The accident was reported to the Turks and Caicos Islands (TCI) Civil Aviation Departmen (CAD) on the evening of the 26 December 2005. The following day a request for assistance was made to the UK Air Accidents Investigation Branch (AAIB), under the terms of a pre-existing Memorandum of Understanding. The TCI CAD appointed an Investigator In Charge (IIC) to conduct an investigation in accordance with the provisions of Annex 13 to the International Civil Aviation Organisation (ICAO) Convention. The investigation was conducted by: Mr P Forbes (Investigator-in-Charge), Ms G M Dean (AAIB Operations), Mr P Thomas (Operations), Mr A N Cable (AAIB Engineering) and Mr K Malcolm (Engineering). The USA, as the country of aircraft manufacture and registration, appointed an Accredited Representative from the National Transportation Safety Board (NTSB). Further assistance to the investigation was provided by the manufacturers of the aircraft, the engines and the propellers.
The AAIB Inspectors arrived in the TCI on 28 December 2005. Investigation activities included interviewing witnesses to the accident, obtaining details of the aircraft’s and pilot’s backgrounds, assessing operational factors, inspecting the accident site and organising the recovery and examination of the aircraft wreckage.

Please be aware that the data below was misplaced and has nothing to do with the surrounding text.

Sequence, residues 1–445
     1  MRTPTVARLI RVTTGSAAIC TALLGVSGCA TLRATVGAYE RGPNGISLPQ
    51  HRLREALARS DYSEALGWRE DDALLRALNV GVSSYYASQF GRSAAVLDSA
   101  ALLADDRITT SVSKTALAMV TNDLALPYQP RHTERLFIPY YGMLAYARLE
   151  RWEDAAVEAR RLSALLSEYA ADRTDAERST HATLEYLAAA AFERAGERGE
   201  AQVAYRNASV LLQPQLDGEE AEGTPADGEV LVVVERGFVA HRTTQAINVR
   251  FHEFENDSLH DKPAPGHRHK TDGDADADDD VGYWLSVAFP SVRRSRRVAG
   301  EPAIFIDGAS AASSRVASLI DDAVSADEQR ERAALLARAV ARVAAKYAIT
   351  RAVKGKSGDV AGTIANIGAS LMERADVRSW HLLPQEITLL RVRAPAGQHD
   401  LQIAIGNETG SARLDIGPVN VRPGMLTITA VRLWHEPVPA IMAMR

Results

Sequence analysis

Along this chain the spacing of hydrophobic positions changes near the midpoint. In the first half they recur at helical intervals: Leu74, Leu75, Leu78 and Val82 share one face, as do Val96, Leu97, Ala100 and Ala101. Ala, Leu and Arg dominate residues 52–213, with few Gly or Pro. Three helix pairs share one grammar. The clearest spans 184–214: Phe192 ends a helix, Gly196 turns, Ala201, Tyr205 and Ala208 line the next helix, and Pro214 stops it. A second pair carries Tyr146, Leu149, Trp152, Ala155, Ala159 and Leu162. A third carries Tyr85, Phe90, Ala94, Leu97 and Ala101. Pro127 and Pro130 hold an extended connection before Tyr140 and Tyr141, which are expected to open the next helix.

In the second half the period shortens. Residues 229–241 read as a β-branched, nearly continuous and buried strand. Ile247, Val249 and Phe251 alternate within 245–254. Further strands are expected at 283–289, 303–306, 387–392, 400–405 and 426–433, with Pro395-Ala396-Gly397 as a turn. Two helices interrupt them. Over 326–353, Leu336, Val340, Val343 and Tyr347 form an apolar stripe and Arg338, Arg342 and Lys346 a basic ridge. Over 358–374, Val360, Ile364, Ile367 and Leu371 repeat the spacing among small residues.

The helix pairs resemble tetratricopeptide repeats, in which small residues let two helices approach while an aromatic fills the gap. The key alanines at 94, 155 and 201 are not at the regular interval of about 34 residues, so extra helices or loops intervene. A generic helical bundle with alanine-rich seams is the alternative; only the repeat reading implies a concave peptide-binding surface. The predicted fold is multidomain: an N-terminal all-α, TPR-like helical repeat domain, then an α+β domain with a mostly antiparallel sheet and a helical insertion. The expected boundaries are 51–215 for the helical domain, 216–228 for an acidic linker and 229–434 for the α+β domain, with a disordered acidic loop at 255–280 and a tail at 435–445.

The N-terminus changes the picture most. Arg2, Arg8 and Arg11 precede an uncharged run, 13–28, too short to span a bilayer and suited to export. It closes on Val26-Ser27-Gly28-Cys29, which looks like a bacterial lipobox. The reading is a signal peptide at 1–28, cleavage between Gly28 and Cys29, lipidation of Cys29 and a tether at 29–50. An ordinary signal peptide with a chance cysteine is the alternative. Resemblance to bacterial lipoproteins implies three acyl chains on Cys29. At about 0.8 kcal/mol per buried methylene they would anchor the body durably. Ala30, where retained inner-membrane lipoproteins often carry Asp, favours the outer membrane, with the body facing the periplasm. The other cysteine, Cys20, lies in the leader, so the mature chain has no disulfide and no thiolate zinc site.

The pilot involved in the accident had purchased the aircraft in the USA and flown it to the TCI on 24 December 2005. The accident occurred two days later on an internal flight at night, within the TCI, with the pilot and three passengers on board. The aircraft was seen to turn to the left shortly after takeoff and then, after only a brief time airborne, it entered a steep descent towards the sea from which it did not recover. All four occupants were fatally injured.
Inspection of the accident site and the wreckage showed that the aircraft had struck the sea at high speed while descending in a nose down and right wing low attitude. Detailed examination found evidence of a number of pre-impact powerplant anomalies but no signs of pre-impact failure or malfunction of the aircraft or its equipment relevant to the accident.
The pilot held a Federal Aviation Authority (FAA) Commercial Pilot’s Licence (CPL). His flying experience was limited and it is quite possible that he had not previously carried out a takeoff at night with limited local environmental lighting. At the time of the accident he did not meet the relevant recency requirements for flight at night with passengers. The evidence indicated that the accident resulted from a loss of control because of the spatial disorientation of the pilot.
The investigation identified the following causal factors:
A lack of appreciation by the pilot of the difficulty in executing a turn, very shortly after takeoff, in conditions of almost complete darkness.
A loss of control of the aircraft as a result of spatial disorientation
Two Safety Recommendations have been made.
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Published 10 December 2014